At Gentec, we value our industry partners, and we work together to address industry-wide issues. We continue to work collaborate with PIC to address sow longevity.

Jenny Patterson, Gentec Swine Industry Liaison

Juan Carlos Pinilla, PIC Technical Services




Introduction to the Beef Improvement Federation 2023 Symposium on Precision Breeding

The theme of this year’s BIF symposium focuses on practical ways to make selection decisions, and genetic improvement in general, more precise and better tailored to your environment and market. The Symposium program encompasses the most recent advances in tools and technology, with a strong focus on practical application. The four-day Symposium will include world-renown Canadian hospitality, producer recognition awards, a tour of the Technology Access Centre and new meat-processing teaching facility at Olds College, a showcase of data-integrated beef production value chain, and most notably, nine scientific sessions that discuss the state of the art with regard to genetic improvement.

This month, we focus on the Young Producer Symposium and the Plenary sessions: next month, the Technical Breakout sessions and the can’t-miss feedlot tour.


The Young Producer Symposium will take place July 3rd, 1 – 4 pm. With increasing consumer, climate, and regulatory pressures on beef production, there is a need to push the boundaries and stay ahead of the competition. Advanced technologies can provide that competitive edge; however, this level of innovation, from creation to adoption, requires purposeful investment in talent and expertise. This afternoon session for Young Producers will explore the potential for innovation in beef breeding, management, and direct sales through the lens of an innovation community.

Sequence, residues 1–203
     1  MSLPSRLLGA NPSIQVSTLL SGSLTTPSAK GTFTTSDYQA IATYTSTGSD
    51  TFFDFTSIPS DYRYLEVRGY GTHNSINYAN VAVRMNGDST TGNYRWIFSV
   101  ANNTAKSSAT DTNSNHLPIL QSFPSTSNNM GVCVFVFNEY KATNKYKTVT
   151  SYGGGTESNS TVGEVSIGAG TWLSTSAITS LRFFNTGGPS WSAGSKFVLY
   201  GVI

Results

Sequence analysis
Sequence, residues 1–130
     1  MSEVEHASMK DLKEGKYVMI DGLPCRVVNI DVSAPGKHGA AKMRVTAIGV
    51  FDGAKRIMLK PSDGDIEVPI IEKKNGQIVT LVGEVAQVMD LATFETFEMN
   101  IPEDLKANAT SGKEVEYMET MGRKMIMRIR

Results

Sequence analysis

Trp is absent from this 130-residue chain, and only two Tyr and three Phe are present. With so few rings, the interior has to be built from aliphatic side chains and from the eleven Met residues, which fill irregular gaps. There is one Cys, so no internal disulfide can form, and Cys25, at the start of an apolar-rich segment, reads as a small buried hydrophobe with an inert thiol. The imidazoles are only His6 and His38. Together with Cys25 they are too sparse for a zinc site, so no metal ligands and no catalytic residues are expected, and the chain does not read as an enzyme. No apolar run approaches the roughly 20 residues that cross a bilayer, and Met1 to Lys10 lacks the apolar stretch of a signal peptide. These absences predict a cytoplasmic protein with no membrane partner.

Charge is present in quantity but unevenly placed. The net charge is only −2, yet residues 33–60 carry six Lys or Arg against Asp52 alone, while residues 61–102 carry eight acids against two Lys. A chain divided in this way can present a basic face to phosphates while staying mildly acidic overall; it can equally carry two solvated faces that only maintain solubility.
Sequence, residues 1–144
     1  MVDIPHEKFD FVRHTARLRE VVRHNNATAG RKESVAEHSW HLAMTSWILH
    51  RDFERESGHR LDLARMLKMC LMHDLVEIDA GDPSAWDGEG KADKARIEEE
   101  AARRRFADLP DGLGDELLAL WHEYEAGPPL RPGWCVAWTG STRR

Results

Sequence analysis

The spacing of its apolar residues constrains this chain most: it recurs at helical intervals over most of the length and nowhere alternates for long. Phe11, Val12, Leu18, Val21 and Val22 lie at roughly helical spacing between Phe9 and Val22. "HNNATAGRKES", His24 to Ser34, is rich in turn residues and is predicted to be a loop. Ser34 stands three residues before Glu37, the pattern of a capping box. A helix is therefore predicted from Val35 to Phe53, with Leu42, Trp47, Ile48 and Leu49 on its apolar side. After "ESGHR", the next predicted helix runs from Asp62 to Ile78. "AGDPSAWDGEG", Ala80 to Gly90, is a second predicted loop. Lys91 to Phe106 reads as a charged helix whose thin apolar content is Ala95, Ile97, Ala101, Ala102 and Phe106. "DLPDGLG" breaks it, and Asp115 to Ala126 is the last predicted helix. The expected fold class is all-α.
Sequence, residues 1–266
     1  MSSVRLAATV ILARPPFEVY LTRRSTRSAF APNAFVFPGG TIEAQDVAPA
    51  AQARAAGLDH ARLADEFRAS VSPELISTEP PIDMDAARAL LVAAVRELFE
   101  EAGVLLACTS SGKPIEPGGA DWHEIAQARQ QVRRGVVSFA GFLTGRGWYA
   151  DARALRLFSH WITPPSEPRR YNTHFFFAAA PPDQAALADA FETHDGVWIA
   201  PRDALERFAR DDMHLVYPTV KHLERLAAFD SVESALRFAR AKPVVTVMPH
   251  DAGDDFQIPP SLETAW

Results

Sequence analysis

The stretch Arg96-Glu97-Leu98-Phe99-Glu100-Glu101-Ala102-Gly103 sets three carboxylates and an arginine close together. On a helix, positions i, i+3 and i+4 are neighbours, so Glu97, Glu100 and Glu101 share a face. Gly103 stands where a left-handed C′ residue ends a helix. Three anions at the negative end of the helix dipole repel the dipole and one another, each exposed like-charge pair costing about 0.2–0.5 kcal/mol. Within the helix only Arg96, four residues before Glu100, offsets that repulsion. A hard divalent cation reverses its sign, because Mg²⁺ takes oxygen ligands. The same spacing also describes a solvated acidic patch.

Kicking off with learnings from the new Platform Innovation Centre, Calgary, we will hear how open social innovation is driving new technologies and increased investment in Canadian agri-tech. We will discuss how, by expanding our perspectives on what solutions and partnerships in beef production might look like, we can stay ahead of the curve in generating ideas and scaling solutions. This approach encourages collective action, and harnesses the potential for technology to solve today’s challenges. “Innovation Investment Opportunities in Ag-Tech” will explore how new technologies and innovations can be funded and implemented in agriculture. A panel of out-of-the-box thinkers and producers will discuss how they have successfully developed and implemented technology on ranch in “On-farm Innovations in Action.” The Symposium will conclude with a discussion on the value of mentorship for innovation.

This event is certainly not limited to young producers. If you have a passion for innovation and out-of-the-box thinking, if you are young at heart – this is the conversation to be a part of!